World Food Programme Tweet

During July 2009, the World Food Programme twitter feed (@WFP) was busy with the worsening situation in the area between Somalia and Kenya. Aid workers were also tweeting about their work, and telling the stories of some of the people they were encountering. Thousands of desperate Somalians were walking for days to reach the refugee camp at Dadaab which began to grow at an incredible rate. Conditions for those who arrived became increasingly fraught. When they arrived, there was an assessment of their condition to establish who needed the most immediate help. This initial assessment, known as triage, also makes a further link between food and health, as it is the sort of procedure that is carried out by medical staff. At this stage, some heart breaking decisions may also have to be made.

Sadly, for many people who arrived it was too late. Many died on the way.

This Guardian interactive has some stories of the people who were able to make the journey. Click on at least three of the faces, and listen to their stories.

The Guardian
  Somalia famine refugees tell their stories – interactive [11 August 2011]

Add their testimonies to the mind map.

In late July 2011, the United Nations officially declared a famine in the area. Food agencies went into the area in greater numbers, including Oxfam, and the appeals began.

Geography Activities
Geography Activities

Activity 4 - United Nations officially declared a famine

In late July 2011, the United Nations officially declared a famine in the area. Food agencies went into the area in greater numbers, including Oxfam, and the appeals began.
BBC - Areas of food shortage
Areas of Food Shortage - Reported on the BBC News on 13 October 2011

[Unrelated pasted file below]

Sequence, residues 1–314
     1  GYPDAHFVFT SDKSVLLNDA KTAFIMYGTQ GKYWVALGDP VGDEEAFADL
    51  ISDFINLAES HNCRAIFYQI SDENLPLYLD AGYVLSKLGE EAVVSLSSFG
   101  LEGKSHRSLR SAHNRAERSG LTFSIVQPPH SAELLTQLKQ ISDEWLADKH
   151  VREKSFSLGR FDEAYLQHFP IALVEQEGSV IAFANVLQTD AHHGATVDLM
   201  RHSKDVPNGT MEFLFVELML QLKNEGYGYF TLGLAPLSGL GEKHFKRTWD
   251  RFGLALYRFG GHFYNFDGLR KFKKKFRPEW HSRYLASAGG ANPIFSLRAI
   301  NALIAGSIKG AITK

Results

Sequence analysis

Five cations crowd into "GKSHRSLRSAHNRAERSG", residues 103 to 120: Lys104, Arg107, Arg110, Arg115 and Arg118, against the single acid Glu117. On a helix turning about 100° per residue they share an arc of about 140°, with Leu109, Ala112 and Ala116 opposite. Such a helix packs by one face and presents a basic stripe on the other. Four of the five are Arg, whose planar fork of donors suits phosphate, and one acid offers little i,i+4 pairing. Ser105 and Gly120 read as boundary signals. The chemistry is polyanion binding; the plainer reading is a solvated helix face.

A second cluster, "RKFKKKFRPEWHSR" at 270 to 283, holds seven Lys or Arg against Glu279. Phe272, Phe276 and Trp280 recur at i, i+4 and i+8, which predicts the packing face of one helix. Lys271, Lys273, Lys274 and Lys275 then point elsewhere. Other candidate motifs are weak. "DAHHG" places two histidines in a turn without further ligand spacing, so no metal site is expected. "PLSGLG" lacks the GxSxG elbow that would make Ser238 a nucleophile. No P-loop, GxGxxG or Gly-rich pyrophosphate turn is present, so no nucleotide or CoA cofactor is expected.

What are the differences between a famine and a food emergency?

Adapted from an article by Mike Pflanz in the Daily Telegraph:

What is the difference between a 'food emergency' and a 'famine'?

Most aid agencies including the UN use the five-stage Integrated Phase Classification system of food emergencies.

Phase 4, a 'Humanitarian Emergency', is when up to two people per 10,000 are dying each day, when acute malnutrition rates are between 15 per cent and 30 per cent, almost all livestock have been lost and there is less than 7.5 litres of water available each day per person.

Phase 5, 'Famine/Humanitarian Catastrophe', means more than two people per 10,000 die each day, acute malnutrition rates are above 30 per cent, all livestock is dead, and there is less than 2,100 kcal of food and 4 litres of water available per person per day.

Other factors in a famine include large-scale and concentrated movement of people from their homes looking for help, and widespread armed conflict.

Geography Activities
Geography Activities

Activity 5 - Political Situation

The Kenyan government were cautious of allowing unchecked movement across the border, despite the humanitarian disaster, because of the problem of insecurity in Somalia. Think back to the map that was in a previous unit which made the connection between food security and actual security.

The refugee camp of Dadaab became the focus for a lot of the media attention. Ben Brown’s article paints a vivid picture of life in the camp.

The Telegraph
  Horn of Africa drought: A vision of hell at the Dadaab refugee camp [9 July 2011]
Geography Activities
Geography Activities

Activity 6 - Extension

Geography Resource

Download the Focus on Dadaab document, produced by Medecins sans Frontier.

You are going to produce an orientation guide for new arrivals in Dadaab: a sort of ROUGH GUIDE TO Dadaab. This needs to give a sense for how the famine has developed and the reasons why people have arrived here.

Geography Resource
Geography Review



You now need to draw together the various resources that you have completed during this unit to return to the big picture.

Make sure you are clear on the causes of the famine, and the definition of famine.

Be clear about the triggers that caused so many people to leave their homes, and put themselves in the hands of aid agencies.


Create your own mind maps at MindMeister

Exam style question:

"There is no such thing as an apolitical food problem.." Amartya Sen, Nobel Prize Winning Economist. Discuss this statement with reference to the Somalian Famine of 2011. [10 Marks]
The markbands can be found here - you need to look at Paper 2.
Essay Graphic Organiser
Alan Parkinson   These Geography of Food and Health resources were written by Alan Parkinson and edited by Richard Allaway. Alan is a an independent geography consultant, author and trainer, fellow of the Royal Geographical Society, Chartered Geographer and founder member of the Geography Collective. on facebook